GOP voter support for Ted Cruz has surged in California over the past three months and the Texas Senator has now moved into a statistical tie with businessman Donald Trump for the lead in this state’s Republican presidential primary. Cruz is the first choice of 25% of likely GOP voters in the latest statewide Field Poll, while Trump is backed by 23%. Florida Senator Marco Rubio is now in third at 13%, while support for retired neurosurgeon Ben Carson has fallen to 9%. Each of the other Republicans vying for their party’s presidential nomination poll in single digits.
Despite the closeness of the standings between Cruz and Trump, other results from the poll indicate that Trump is in a weaker position than Cruz, and in some respects Rubio, among all GOP voters, as well as the broader statewide electorate. For example, just 11% of likely GOP voters name Trump as their second choice preference for president, while twice as many (22%) say this in regard to Cruz. Another 14% choose Rubio as their second choice.
Many more California Republican primary voters also have an unfavorable opinion of Trump (45%) than say this about Cruz (20%) or Rubio (26%). Similarly, greater than four in ten Republican voters (43%) say they would be dissatisfied or upset were Trump to become their party’s nominee, while only about half as many say this about Cruz (21%) or Rubio (24%). This means that Trump is in a weaker position to broaden his support among the state’s GOP electorate should voters now supporting other candidates change their minds and migrate to one of other Republicans as the June California primary draws nearer.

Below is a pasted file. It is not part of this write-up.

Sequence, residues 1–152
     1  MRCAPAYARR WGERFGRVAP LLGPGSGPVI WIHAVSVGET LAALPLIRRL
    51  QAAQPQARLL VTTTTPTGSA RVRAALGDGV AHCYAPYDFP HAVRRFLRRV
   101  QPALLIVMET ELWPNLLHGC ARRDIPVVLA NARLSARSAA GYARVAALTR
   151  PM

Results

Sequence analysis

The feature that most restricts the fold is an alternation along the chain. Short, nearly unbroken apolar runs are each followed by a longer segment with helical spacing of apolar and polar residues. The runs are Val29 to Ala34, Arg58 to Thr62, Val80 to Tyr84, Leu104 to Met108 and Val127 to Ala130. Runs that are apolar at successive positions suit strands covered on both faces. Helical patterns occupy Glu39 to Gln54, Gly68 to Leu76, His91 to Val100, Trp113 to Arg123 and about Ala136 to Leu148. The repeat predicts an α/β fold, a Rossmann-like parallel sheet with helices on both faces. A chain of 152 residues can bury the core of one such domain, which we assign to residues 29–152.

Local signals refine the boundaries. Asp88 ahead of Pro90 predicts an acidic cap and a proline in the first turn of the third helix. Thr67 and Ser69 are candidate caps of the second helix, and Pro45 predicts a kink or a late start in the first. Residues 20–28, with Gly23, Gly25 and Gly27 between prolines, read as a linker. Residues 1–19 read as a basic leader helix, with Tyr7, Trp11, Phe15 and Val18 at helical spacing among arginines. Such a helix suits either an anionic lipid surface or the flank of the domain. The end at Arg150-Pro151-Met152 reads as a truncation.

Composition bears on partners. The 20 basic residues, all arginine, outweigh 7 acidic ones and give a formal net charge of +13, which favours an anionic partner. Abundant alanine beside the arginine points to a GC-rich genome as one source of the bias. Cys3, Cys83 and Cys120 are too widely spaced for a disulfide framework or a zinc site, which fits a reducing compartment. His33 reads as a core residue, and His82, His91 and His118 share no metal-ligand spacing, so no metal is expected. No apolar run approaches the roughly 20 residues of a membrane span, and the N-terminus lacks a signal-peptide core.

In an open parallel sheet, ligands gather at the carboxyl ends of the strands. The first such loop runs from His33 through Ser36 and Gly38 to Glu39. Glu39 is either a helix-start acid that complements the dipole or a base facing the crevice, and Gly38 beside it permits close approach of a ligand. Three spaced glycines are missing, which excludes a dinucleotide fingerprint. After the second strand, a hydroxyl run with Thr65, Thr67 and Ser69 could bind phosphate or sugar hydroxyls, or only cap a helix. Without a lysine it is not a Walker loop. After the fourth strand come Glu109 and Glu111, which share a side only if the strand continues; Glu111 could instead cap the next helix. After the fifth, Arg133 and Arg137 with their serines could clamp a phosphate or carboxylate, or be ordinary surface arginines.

Finally, when the state’s overall registered voter population, not just likely Republican primary voters, are asked their opinions of the three leading GOP candidates, many more Californians (73%) say they hold an unfavorable opinion of Trump than say this about Cruz (51%) or Rubio (46%).
Cruz and Trump sit atop of the crowded GOP presidential field in California
The latest Field Poll finds that Cruz and Trump are leading in first choice preferences among Californians likely to vote in the state’s June 7 Republican presidential primary over a large field of GOP candidates. Currently 25% of likely GOP primary voters are supporting Cruz, while 23% back Trump. Rubio is in third at 13%. Each of the other Republicans presidential hopefuls poll in single digits.
Support for Cruz has surged in California over the past three months. His current 25% level of support was just 4% – 6% in each of three previous statewide Field Poll surveys conducted during 2015. The Texas Senator appears to be the chief beneficiary of the declining fortunes of two other Republicans, Carson and businesswoman Carly Fiorina, both of whom have lost considerable support in California over the past three months.